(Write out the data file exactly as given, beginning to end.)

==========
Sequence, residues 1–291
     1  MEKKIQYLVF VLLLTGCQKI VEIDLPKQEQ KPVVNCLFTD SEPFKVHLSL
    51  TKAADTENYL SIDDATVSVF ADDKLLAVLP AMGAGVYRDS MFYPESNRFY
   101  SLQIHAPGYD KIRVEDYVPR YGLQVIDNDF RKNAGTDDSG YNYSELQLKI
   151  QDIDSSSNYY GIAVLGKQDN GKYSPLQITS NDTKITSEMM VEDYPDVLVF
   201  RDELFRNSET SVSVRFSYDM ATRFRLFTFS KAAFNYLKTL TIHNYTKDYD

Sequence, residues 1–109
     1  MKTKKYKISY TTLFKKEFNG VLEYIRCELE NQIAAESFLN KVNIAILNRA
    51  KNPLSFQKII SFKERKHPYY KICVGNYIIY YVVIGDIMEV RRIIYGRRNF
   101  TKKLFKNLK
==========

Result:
Sequence, residues 1–291
     1  MEKKIQYLVF VLLLTGCQKI VEIDLPKQEQ KPVVNCLFTD SEPFKVHLSL
    51  TKAADTENYL SIDDATVSVF ADDKLLAVLP AMGAGVYRDS MFYPESNRFY
   101  SLQIHAPGYD KIRVEDYVPR YGLQVIDNDF RKNAGTDDSG YNYSELQLKI
   151  QDIDSSSNYY GIAVLGKQDN GKYSPLQITS NDTKITSEMM VEDYPDVLVF
   201  RDELFRNSET SVSVRFSYDM ATRFRLFTFS KAAFNYLKTL TIHNYTKDYD

Sequence, residues 1–109
     1  MKTKKYKISY TTLFKKEFNG VLEYIRCELE NQIAAESFLN KVNIAILNRA
    51  KNPLSFQKII SFKERKHPYY KICVGNYIIY YVVIGDIMEV RRIIYGRRNF
   101  TKKLFKNLK